lsof command tutorial in linux/unix with examples and use cases
July 1, 2020
linux lsof command – list open files
In the Linux system, everything is a file. Files can access not only regular data, but also network connections and hardware. Therefore, the lsof command can not only view the files and directories opened by the process, but also view the socket information such as the port that the process listens to.
This article will introduce the basic usage of the lsof command. The demo environment of this article is ubuntu 19.04.
-a indicates the AND relationship between other options
-c output the file opened by the specified process
-d list processes occupying the file number
+d output directory and the files and directories opened under the directory (not recursive)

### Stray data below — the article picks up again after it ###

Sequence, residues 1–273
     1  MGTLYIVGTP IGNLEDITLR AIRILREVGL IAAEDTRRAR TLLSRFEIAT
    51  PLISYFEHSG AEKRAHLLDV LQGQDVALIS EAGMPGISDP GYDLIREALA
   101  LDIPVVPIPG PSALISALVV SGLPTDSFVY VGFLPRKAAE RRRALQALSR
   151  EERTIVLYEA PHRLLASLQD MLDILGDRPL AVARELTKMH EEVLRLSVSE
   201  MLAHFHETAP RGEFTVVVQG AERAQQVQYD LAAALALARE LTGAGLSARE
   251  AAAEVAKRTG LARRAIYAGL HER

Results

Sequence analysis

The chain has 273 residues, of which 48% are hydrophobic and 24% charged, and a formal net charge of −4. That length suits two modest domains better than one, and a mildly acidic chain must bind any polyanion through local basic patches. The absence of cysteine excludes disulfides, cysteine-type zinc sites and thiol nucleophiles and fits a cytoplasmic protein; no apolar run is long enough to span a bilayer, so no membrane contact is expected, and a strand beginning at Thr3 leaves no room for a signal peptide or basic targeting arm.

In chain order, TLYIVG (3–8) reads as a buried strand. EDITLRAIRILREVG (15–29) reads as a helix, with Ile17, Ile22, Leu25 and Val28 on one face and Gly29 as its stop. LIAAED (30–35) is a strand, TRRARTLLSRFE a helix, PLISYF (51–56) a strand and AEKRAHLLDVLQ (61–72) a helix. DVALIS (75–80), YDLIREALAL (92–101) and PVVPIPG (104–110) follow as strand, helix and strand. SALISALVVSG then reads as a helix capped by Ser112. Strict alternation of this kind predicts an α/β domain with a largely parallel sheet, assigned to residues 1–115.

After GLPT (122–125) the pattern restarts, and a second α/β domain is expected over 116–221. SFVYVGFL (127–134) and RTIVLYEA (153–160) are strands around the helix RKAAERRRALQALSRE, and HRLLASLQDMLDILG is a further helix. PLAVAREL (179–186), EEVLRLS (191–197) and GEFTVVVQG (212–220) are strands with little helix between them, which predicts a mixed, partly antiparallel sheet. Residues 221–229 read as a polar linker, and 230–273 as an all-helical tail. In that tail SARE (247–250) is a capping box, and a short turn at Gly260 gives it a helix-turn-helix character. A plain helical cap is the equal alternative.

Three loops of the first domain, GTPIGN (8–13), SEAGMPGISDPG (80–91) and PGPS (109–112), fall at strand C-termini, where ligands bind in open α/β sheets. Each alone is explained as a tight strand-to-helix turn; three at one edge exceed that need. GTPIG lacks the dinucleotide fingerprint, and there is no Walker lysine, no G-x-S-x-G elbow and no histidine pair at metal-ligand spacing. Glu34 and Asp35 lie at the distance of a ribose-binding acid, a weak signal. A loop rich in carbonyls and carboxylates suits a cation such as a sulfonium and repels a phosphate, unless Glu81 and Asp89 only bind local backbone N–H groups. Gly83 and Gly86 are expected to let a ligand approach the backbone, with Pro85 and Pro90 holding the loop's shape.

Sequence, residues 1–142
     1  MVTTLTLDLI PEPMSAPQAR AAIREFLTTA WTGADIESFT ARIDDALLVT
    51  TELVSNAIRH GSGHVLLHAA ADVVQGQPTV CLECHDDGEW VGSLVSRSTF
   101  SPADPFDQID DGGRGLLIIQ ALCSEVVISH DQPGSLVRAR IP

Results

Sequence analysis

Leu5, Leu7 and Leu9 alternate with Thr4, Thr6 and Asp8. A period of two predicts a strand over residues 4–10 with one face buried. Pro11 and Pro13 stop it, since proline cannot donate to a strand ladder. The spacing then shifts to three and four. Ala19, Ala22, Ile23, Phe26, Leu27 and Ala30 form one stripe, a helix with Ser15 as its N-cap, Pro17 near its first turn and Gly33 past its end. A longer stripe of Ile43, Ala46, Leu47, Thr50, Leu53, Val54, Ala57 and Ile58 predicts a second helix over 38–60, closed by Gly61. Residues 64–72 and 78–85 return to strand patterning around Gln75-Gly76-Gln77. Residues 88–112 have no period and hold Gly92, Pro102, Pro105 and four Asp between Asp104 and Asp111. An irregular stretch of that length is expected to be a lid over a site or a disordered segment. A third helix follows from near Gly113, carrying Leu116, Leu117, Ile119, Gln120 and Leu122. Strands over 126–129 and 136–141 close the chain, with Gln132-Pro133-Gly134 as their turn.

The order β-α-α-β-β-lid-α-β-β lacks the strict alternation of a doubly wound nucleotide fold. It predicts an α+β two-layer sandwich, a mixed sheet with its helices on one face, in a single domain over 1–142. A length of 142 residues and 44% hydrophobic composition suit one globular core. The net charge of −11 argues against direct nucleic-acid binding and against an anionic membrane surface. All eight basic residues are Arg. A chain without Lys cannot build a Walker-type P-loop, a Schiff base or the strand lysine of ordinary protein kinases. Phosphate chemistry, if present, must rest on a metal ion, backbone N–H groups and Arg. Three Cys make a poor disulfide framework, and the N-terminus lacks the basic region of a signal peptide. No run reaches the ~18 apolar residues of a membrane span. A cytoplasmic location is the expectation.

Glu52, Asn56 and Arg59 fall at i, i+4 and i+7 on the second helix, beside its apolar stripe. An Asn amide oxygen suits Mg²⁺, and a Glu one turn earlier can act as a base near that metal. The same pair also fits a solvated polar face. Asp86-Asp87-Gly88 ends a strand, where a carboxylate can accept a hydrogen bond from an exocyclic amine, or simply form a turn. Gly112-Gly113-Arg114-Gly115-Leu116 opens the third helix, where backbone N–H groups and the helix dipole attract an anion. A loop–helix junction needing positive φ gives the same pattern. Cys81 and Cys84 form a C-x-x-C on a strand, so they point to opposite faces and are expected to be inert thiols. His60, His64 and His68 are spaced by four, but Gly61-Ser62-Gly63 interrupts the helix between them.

+D recursive output and opened files and directories under the directory
-i output files related to the network that meet the conditions
-n don’t resolve hostname
-p output the file opened by the process with the specified PID
-P does not parse the port number
-t only output PID
-u output files opened by the specified user
-U print open UNIX domain socket file
COMMAND : the name of the program
PID : process identifier
USER : process owner
FD : file descriptor, the application identifies the file through the file descriptor
TYPE : file type, such as DIR, REG, etc.
DEVICE : Separate device numbers with commas
SIZE : file size (bytes)
NODE : inode (the identification of the file on the disk)
NAME : the exact name of the file opened
Here are some common types in FD column and TYPE column.
Common types in the FD column are cwd, rtd, txt, mem, some numbers, and so on.
cwd – the current working directory;
rtd – the root directory;
txt – the executable file of the program;
mem – a memory-mapped file:
The common REG and DIR in the TYPE column represent ordinary files and directories, respectively.
View which processes have the specified file opened
In the following example, we will use the lsof command to see which processes are opening the specified file, such as querying the process that opens the /bin/zsh file: